understanding of the patient” and the “full breadth of medical conditions, a long list of
medications, communication challenges and slowly evolving problems . . . all impair effective
understanding of the patient’s needs.” Clearly a new model of care needs to be developed to deal
with geriatric patients in the ED.
B. Financial Imperatives
Nobody has a crystal ball to tell exactly what Medicare reimbursements will be in the future; but,
if recent history is any indication, it is clear that emergency services will not be compensated
commensurate with the expenses and resources involved. This has implications for the ED and
In areas with a high proportion of Medicare patients, such as many rural parts of the country, ED
physician staffing at individual hospitals and the geographic distribution of doctors in general will
become more problematic. Even in areas with moderate percentages of geriatric patients in the ED,
falling revenues will strain physician-patient ratios.
The financial impact of geriatrics will extend far beyond the walls of the ED and will dramatically
affect the dynamic of patient management. EDs are the hospital’s biggest admitters of Medicare
patients representing 57% of all admissions nationally. Of that number almost 70% are patients
with a medical (as opposed to surgical) diagnosis at discharge which has a negative impact on the
hospital’s bottom line with today’s CMS reimbursement guidelines. In a 2004 study Premera Blue
Cross of Washington State demonstrated that hospitals lost 16.4% on all Medicare admissions, a
number that is reflective of the national experience. And the future looks even less promising. The
Budget Reconciliation Act of 2005 mandated spending limits that are built in to reimbursements
regardless of demand. The President’s 2009 Budget in following these guidelines has proposed a
$15 billion dollar reduction in hospital payments over the next five years. The Health Advisory
Board in a 2002 study accurately predicted the future when it projected a 12% revenue decline per
patient-day by 2010 and cited as two principle reasons the aging of the population and rising ED
admissions. Add to this the recent implementation of non-reimbursements for “never happen”
events and CMS’ cutting payments for previously lucrative procedures such as pacer-defibrillation
and joint replacements and the financial picture gets even worse for hospitals.
What is the implication of these financial realities on EM practice? There will of necessity be
increasing pressures on EDs to act as more stringent gatekeepers for Medicare admissions,
especially for those with vague medical complaints (the “soft” admissions). The era of a low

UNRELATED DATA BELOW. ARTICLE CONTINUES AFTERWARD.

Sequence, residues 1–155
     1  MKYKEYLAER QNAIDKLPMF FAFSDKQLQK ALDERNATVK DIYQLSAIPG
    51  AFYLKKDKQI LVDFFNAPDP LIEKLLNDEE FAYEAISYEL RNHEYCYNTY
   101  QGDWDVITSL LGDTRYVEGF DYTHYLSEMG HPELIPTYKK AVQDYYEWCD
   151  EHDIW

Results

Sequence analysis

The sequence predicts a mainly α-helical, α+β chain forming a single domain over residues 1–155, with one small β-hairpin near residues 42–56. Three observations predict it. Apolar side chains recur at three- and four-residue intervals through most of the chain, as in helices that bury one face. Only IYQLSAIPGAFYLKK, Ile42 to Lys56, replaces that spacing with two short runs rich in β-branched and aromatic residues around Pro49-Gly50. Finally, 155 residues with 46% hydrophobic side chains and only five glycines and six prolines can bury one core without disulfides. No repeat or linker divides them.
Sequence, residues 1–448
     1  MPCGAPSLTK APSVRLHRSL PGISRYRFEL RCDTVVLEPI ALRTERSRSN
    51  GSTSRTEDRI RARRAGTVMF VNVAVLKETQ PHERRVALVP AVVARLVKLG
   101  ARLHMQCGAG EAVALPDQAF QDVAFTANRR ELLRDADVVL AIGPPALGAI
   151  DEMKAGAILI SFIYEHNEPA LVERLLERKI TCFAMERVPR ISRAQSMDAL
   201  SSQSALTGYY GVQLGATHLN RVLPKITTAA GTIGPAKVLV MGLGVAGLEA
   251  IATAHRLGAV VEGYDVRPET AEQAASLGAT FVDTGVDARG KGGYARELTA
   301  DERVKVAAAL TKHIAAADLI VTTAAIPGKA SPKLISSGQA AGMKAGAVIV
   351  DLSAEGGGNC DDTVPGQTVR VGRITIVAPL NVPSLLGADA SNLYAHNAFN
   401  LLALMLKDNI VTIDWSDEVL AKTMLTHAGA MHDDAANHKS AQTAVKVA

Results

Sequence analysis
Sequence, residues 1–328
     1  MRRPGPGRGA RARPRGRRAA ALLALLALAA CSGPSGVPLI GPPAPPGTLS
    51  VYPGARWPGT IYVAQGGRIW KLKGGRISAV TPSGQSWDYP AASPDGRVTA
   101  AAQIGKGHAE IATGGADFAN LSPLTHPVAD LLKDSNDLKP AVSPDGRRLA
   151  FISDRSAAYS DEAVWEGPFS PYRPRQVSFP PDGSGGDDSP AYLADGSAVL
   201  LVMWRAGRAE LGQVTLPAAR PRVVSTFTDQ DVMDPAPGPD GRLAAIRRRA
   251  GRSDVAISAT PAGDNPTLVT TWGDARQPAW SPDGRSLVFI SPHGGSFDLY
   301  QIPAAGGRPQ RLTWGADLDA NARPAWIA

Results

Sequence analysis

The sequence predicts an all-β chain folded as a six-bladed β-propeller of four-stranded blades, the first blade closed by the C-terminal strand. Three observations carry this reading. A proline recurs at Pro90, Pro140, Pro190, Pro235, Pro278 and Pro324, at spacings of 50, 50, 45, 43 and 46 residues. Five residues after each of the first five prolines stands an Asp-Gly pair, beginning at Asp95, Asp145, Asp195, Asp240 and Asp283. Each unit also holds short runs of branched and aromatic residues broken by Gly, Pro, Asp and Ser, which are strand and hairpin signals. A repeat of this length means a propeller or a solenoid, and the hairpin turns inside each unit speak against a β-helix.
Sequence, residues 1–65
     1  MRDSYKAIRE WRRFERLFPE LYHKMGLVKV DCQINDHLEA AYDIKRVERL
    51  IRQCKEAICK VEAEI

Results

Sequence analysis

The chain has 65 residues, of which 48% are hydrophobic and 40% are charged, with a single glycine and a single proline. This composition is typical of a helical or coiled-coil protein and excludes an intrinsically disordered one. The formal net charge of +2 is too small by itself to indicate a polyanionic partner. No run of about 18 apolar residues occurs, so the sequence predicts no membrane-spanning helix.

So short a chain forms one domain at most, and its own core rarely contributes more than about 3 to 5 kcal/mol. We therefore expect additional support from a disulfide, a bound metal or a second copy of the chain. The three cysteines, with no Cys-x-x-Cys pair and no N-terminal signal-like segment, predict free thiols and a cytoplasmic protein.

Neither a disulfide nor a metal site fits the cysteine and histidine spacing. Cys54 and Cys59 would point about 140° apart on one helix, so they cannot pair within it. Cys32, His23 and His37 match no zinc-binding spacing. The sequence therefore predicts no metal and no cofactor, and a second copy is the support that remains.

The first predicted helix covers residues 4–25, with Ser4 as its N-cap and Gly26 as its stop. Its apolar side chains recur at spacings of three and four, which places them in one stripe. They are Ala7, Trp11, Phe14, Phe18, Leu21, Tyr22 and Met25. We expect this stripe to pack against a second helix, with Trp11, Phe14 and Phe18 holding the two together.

threshold for admissions for the elderly will become a thing of the past. EDs will be expected to do
more extensive evaluations, observe patients longer, seek more consultations, and explore
outpatient alternatives. In this new gatekeeper role, EDs will become to a much greater extent
observation units for geriatric patients to prevent questionable hospital admission.
III. A New Model of ED Geriatric Care
Because of the impact of geriatrics on EM practices and the medical and financial imperatives to improve
outcomes, a new paradigm of care is needed. Because of the magnitude of this impact and the serious
consequences of failing to respond appropriately, there has to be a man-on-the-moon-this-decade urgency to
accomplishing this change. Organized emergency medicine has responded to such challenges in the past as
exemplified by the improvements in pediatric and trauma care.
This new model of care encompasses
A. Infrastructure (Fig. 1)
EDUCATION (Acute Care)
+ Clinical Pathways
CLINICAL (Extended Care)
RESEARCH Quality Measures
The foundation of improvement rests on the dual pillars of education and clinical research.
Until recently there has been a notable absence of geriatric-specific training in EM residency
programs as evidenced by multiple surveys indicating trepidation in treating the elderly. A core
curriculum needs to be developed and enhanced coupled with adequate clinical exposure to bridge
this knowledge and comfort gap.
Educational modules reflecting a core of geriatric knowledge must be developed and disseminated
to front line caregivers and include physicians, nurses, ancillary personnel and EMS. Present
efforts need to be elaborated and updated so that this core of knowledge gets to the bedside in
much of the same way that acute pediatric and trauma concepts have permeated daily practice.
The second pillar is clinical research with a special emphasis on risk stratification, prevention,
disposition and outcomes that also includes the community hospital setting. This is a complex
patient group and presently evidence is often lacking to guide the clinician’s clinical practice and
decision-making. Older patients need to be included in acute care research protocols so that risks
and benefits can be judged accurately.
Besides raising the general level of knowledge about geriatrics, education and research should lead
to at least three useful tools:
Clinical protocols (acute treatment)
Clinical pathways (extended treatment)